It would be useful if using Spring Boot "starter" dependencies as intended didn't cause warnings with dependency:analyze (and related goals).
Spring Boot has a notion of "starter" dependencies. One of the primary purposes of starter dependencies is to transitively bring in numerous other dependencies to be used at both runtime and compile time. Per Spring Boot's documentation:
Starters are a set of convenient dependency descriptors that you can include in your application. You get a one-stop-shop for all the Spring and related technology that you need, without having to hunt through sample code and copy paste loads of dependency descriptors. For example, if you want to get started using Spring and JPA for database access, just include the spring-boot-starter-data-jpa dependency in your project, and you are good to go.
The starters contain a lot of the dependencies that you need to get a project up and running quickly and with a consistent, supported set of managed transitive dependencies.
However, this is at odds with the analysis done by dependency:analyze (and similar goals in the dependency plugin). The analyze goals will warn that the starter projects are "unused declared dependencies" and any compile-time dependencies that are transitively brought in this way will produce "used undeclared dependencies" warnings. Note that this warning behavior is consistent with the Maven dependency documentation where it states that it is intended that all compile dependencies be explicitly listed, rather than transitively used at compile time:
it is intended that [transitive compile dependencies] should be runtime scope instead, so that all compile dependencies must be explicitly listed - however, there is the case where the library you depend on extends a class from another library, forcing you to have available at compile time. For this reason, compile time dependencies remain as compile scope even when they are transitive.
As a concrete example, here are the warnings generated by mvn dependency:analyze on Spring Boot's own "Getting Started" example:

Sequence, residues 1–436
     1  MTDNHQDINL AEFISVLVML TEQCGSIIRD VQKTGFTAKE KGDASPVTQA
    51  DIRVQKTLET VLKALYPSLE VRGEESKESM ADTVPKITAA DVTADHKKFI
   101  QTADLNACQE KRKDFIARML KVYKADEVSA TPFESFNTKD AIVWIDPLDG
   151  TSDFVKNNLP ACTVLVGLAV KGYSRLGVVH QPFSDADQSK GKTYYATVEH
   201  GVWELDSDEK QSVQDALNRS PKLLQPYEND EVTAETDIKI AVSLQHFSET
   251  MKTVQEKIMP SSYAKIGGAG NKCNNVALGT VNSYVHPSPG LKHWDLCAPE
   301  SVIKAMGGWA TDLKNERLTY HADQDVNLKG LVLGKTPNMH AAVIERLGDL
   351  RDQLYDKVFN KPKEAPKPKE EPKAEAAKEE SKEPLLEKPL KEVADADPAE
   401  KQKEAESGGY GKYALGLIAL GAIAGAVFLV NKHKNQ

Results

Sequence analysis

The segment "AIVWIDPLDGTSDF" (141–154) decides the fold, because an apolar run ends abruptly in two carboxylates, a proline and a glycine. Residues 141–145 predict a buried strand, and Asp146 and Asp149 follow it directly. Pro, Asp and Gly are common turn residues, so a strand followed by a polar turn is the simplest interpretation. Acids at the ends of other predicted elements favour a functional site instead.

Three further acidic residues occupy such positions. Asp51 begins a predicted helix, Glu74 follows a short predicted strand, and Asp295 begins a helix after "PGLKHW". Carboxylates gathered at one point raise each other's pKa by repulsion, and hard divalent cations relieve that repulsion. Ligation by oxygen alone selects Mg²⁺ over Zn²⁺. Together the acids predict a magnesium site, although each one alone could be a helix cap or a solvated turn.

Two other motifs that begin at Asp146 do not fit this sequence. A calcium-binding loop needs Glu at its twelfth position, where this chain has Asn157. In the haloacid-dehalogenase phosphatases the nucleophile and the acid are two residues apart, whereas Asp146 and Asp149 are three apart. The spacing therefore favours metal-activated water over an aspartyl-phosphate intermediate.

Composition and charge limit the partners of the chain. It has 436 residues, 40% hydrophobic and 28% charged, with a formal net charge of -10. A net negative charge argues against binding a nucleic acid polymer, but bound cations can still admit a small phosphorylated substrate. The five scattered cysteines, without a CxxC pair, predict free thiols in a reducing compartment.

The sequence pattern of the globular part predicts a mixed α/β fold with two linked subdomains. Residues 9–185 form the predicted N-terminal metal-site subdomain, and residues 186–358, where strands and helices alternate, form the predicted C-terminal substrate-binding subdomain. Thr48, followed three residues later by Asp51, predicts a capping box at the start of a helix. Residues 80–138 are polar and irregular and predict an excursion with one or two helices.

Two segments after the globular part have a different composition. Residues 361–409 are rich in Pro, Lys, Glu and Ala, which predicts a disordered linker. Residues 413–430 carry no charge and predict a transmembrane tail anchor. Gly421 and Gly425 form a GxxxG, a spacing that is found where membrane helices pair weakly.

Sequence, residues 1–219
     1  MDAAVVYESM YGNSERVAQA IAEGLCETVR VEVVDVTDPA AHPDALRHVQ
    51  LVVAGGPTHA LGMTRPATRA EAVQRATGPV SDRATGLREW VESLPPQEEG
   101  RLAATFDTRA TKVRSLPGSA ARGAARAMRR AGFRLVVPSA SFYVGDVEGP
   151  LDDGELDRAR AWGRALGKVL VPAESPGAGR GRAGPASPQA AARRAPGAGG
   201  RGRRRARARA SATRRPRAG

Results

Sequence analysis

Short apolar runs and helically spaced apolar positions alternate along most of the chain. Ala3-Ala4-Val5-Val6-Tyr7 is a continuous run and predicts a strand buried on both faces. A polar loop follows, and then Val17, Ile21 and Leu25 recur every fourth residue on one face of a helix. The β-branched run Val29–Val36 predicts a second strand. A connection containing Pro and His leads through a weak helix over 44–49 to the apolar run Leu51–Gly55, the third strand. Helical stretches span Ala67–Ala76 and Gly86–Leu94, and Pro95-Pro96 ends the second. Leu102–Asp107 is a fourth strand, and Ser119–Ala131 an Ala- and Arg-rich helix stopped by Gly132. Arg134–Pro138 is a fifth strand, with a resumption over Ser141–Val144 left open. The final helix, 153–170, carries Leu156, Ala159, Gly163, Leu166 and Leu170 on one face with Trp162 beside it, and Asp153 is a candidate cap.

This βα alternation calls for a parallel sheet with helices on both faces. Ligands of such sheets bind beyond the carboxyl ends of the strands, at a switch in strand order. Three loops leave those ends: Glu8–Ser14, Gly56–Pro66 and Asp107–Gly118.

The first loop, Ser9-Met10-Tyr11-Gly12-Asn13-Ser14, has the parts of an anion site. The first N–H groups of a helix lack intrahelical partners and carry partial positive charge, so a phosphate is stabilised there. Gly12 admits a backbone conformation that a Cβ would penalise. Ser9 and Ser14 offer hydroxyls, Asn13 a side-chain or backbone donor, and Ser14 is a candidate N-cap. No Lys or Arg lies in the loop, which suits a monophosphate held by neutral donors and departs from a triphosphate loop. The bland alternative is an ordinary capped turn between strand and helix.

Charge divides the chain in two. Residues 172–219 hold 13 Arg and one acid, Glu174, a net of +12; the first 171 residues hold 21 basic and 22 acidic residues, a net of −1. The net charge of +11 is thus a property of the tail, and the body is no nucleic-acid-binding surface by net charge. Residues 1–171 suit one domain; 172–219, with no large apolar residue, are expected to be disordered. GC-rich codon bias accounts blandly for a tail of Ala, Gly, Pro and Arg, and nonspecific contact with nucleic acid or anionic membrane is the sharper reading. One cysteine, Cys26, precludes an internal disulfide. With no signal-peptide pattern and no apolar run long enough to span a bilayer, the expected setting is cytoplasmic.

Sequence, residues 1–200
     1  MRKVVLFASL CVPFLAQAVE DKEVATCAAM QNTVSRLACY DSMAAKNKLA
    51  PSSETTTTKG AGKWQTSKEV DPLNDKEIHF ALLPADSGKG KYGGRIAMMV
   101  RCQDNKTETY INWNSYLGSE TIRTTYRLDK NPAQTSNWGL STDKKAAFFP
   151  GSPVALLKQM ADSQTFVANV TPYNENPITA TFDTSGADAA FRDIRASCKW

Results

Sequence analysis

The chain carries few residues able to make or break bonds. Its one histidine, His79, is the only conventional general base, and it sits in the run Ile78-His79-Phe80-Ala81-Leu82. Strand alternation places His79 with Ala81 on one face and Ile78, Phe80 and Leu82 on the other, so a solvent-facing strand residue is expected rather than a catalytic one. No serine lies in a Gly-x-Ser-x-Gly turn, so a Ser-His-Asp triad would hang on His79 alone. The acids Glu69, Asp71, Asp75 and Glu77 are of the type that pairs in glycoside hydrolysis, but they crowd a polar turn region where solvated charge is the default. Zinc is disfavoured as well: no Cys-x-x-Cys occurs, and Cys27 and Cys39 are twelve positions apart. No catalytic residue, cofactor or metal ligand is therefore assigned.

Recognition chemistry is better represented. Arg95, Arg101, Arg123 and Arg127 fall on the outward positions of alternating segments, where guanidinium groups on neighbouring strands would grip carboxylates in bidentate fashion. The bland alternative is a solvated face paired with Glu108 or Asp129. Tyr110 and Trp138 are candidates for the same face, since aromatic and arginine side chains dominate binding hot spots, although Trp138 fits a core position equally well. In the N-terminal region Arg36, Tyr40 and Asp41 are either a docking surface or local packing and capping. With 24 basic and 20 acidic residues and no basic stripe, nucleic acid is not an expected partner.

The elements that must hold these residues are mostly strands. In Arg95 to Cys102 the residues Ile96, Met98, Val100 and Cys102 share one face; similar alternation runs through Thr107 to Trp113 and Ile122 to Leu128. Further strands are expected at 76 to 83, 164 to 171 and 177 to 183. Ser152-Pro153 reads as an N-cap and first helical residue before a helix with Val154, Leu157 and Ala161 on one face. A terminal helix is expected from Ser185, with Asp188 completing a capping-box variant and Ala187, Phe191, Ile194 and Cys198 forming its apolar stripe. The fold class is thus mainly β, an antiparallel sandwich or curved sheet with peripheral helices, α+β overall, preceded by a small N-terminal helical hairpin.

My initial thought was that perhaps Spring Boot was misuing the Maven dependency mechanism through their approach, however that is not their interpretation (see the discussion at spring-boot#8341).
So, assuming I'm interpreting things correctly, it seems like the thought is that Spring Boot's usage of dependencies is A-OK. Given this, and the impact of Spring Boot in the Java ecosystem, it seems like it would be good for there to be support for this pattern within Maven's dependency analysis. I'm not sure what the most appropriate mechanism for this would be, however (and whether the dependency plugin is the primary place it should be supported). Is this just something that should be configurable within the dependency:analyze plugin itself? Are the starter dependencies a new class of dependency that should be called out within Maven? Is this something where the starter dependency should be able to declare that its compile-time dependencies are meant to be exported and directly used?
The obvious workaround is to mark the starter dependencies as ignoreNonCompile, and explicitly list all transitively used compile-time dependencies. However, this gets rid of one of the primary stated benefits of using the starter dependencies. It still provides the benefit of IDE auto-completion, at which point the dependencies can be manually added to the POM as used.
The other option would be to not do anything, but then it's impossible to tell the difference between used undeclared dependencies that are OK because they are transitively provided, and those that are in the list because they are inadvertantly depended on.